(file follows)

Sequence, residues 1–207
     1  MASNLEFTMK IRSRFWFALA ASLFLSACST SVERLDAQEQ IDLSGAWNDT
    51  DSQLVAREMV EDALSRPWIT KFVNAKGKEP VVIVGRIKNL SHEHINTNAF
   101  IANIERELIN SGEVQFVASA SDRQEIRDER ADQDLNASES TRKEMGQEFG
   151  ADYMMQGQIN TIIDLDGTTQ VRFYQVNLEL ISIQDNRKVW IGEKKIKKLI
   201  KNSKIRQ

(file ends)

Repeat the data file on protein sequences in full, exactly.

Sequence, residues 1–207
     1  MASNLEFTMK IRSRFWFALA ASLFLSACST SVERLDAQEQ IDLSGAWNDT
    51  DSQLVAREMV EDALSRPWIT KFVNAKGKEP VVIVGRIKNL SHEHINTNAF
   101  IANIERELIN SGEVQFVASA SDRQEIRDER ADQDLNASES TRKEMGQEFG
   151  ADYMMQGQIN TIIDLDGTTQ VRFYQVNLEL ISIQDNRKVW IGEKKIKKLI
   201  KNSKIRQ